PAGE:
Sudan agreed on Friday to be the last Arab country to recognize Israel in the diplomatic coup announced by President Donald Trump ahead of the US election.
The UAE and Bahrain signed agreements to normalize relations with Israel at the White House last month, but Sudan added symbolism as an Arab nation at war with Israel.
Trump announced the agreement of the one-year-old Sudanese government-backed government, moments after officially deciding to end the nation’s designation of a sponsor state for terrorism, a key target for Khartoum.
Reporters ran to the Oval Office where Trump was at the speaker led by Sudan and Israeli Prime Minister Benjamin Netanyahu, a close aide to the Republican president.
Netanyahu was heard telling Trump: “This is really changing the region. It improves the lives of our people and allows us to focus on the work of building our nations. ”
Trump said more Arab states are also seeking recognition of Israel, including regional power Saudi Arabia, which is home to Islam’s two holiest cities.
“We have at least five more who want to come in and we’ll have a lot more as soon as possible,” Trump said in a room wearing masks despite the Kovid-19 outbreak.
Last month Jordan and Egypt – the only Arab nations to recognize Israel – were neighbors to the Jewish state that made peace after US mediation.
An economic boon for Sudan
The United States and Israel are pledged to promote trade with Sudan, a vulnerable and conflict-ravaged nation that was criticized for its violent internal campaigns until the fall of dictator Omar al-Bashir last year.
In a three-way statement, Sudan and Israel said the delegation would meet “in the coming weeks to negotiate cooperation agreements,” including agriculture, aviation and migration issues.
“The leaders agreed to normalize relations between Sudan and Israel and end the state of militancy between their nations,” he said without setting a date.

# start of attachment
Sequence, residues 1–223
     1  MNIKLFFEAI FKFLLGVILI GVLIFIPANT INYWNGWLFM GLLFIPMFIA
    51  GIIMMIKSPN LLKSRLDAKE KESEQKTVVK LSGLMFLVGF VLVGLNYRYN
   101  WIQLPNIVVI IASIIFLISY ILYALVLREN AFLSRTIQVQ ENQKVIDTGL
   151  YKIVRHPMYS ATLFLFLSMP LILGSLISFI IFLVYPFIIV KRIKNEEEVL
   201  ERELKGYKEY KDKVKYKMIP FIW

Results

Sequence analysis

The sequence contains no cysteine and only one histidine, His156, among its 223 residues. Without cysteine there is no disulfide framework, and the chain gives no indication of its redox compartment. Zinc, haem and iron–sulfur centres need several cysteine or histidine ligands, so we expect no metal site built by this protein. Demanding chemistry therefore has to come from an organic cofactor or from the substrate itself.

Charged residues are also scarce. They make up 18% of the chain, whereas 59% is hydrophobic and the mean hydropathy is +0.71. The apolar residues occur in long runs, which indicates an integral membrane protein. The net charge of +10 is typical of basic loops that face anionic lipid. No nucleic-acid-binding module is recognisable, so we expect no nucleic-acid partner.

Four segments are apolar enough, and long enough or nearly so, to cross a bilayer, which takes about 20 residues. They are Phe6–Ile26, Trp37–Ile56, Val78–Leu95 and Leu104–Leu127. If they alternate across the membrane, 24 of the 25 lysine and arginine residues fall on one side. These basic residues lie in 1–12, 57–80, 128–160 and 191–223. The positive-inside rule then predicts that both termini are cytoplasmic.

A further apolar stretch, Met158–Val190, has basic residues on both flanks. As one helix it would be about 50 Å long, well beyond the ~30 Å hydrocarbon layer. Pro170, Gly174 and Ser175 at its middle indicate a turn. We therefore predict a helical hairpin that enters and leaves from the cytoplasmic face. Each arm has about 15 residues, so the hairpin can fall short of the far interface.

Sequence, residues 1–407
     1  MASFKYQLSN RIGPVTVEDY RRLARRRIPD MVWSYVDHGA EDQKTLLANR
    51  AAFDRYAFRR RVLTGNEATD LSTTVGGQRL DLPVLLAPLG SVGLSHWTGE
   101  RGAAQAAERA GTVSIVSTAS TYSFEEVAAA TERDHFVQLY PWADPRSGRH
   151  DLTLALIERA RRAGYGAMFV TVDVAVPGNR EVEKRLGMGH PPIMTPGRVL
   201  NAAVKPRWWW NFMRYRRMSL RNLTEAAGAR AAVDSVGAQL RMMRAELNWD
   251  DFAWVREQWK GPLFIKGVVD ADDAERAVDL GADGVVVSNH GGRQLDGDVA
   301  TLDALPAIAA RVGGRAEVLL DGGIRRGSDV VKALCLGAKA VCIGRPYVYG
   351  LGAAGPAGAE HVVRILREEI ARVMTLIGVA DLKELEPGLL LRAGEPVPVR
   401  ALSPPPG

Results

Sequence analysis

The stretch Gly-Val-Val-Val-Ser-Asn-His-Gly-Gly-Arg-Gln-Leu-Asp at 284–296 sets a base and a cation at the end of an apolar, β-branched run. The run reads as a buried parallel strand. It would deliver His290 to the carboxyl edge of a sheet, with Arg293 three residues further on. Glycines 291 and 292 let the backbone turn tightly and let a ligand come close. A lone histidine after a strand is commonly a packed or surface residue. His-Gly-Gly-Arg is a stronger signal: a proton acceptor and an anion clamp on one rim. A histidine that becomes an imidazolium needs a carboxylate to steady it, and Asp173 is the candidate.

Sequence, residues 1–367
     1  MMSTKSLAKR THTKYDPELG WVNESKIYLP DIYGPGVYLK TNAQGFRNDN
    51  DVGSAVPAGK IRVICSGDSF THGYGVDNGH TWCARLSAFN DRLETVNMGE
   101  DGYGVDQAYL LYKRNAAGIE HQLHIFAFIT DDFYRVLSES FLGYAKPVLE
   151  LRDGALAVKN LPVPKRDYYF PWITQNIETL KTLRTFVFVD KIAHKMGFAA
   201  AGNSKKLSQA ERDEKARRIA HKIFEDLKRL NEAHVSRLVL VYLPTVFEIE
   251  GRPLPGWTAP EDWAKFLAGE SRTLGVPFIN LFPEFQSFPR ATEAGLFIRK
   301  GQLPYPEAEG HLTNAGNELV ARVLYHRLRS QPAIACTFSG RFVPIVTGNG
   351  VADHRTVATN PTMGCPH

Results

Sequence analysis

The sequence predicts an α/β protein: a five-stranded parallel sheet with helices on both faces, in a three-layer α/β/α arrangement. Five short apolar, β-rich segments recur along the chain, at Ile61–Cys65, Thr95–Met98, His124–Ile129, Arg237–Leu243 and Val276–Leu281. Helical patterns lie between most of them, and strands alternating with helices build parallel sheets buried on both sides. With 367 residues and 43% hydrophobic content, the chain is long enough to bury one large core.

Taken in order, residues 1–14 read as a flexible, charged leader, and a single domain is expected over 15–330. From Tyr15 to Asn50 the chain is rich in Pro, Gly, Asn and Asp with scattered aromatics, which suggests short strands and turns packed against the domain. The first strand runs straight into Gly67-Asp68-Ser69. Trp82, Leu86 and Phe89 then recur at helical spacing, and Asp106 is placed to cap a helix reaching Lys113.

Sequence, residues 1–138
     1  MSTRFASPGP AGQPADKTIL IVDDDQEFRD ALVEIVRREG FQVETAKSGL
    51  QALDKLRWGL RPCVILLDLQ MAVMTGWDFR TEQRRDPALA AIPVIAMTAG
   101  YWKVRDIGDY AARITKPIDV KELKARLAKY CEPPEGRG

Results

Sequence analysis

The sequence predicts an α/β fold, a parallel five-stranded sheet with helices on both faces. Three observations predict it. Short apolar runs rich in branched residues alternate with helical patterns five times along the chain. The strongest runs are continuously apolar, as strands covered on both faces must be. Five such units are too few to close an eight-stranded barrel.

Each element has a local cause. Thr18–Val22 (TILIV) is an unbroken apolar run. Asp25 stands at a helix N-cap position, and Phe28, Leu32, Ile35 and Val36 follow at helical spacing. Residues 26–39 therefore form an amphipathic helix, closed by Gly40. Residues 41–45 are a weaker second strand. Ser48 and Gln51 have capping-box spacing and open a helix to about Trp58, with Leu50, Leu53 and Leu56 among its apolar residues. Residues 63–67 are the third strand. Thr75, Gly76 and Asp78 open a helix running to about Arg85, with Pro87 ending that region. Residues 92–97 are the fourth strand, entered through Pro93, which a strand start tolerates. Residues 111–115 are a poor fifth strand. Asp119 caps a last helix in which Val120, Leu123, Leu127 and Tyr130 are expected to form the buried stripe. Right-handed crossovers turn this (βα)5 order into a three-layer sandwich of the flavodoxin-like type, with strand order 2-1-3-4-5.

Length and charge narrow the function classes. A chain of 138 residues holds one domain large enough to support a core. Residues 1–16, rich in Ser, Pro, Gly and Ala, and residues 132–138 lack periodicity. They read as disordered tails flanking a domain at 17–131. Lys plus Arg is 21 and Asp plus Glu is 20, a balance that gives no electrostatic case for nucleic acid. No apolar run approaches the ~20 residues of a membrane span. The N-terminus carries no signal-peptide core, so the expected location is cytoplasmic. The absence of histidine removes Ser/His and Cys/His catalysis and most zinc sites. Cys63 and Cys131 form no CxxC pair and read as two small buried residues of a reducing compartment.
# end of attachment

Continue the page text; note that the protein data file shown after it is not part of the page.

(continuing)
As part of the deal to blacklist terrorists, the White House said the transitional government of Sudan paid $ 100 to compensate survivors and their families in anti-US attacks when Al-Qaeda was greeted by the Bashir regime. 335 million.
Sudan’s civilian Prime Minister Abdullah Hamadok thanked Trump for the terrorist designation without mentioning recognition of Israel – a move he previously said he had no authority to make.
Hamadok’s office said in a statement that the move would open the doors for a qualified return from Sudan to the international community and the international financial and banking sector, as well as regional and international investments.
But Sudanese television later said that Sudan had in fact agreed to end the war situation with Israel and normalize relations.
On the phone, Sudan’s chief general Abdel Fattah al-Burhan, who met Netanyahu earlier this year.
Trump had announced Monday his intention to distribute Sudan via Twitter. But in the days leading up to his official resignation, Israel sent a delegation to Khartoum to discuss normalization.
Trump, lagging behind the election ahead of the Nov. 3 vote, used his influence over Sudan to push for Israeli recognition.
Secretary of State Mike Pompeo hoped on Wednesday that Sudan would recognize the Jewish state “immediately” – a major reason for Trump’s evangelical Christian base.
Bahrain and the United Arab Emirates have long enjoyed calm relations with Israel, but Sudan’s decision is particularly significant in light of the country’s history.
Sudan played a small role in the Arab-Israeli wars and after Israel’s decisive victory in 1967, Khartoum was where the Arab League held its famous “three no’s” – no peace, no recognition and no negotiations with Israel.
Sudan has been demanding for years the removal of designation as a sponsor state of terrorism, severely hampering investment as some foreign companies want to risk the wrath of US lawsuits.
With Trump’s formal decision, Congress has 45 days to pass a resolution opposing the current issue.
Congress should not stop in this direction, but the law should also approve Sudan’s immunity from other claims.
By then, the escrow account would have an investment of $ 335 million.
The money includes compensation for the survivors and family members of those killed in Al Qaeda’s double attacks in 1998 on the US embassies in Kenya and Tanzania.
(Except for the title, this story was not edited by NDTV staff and posted from a syndicated feed.)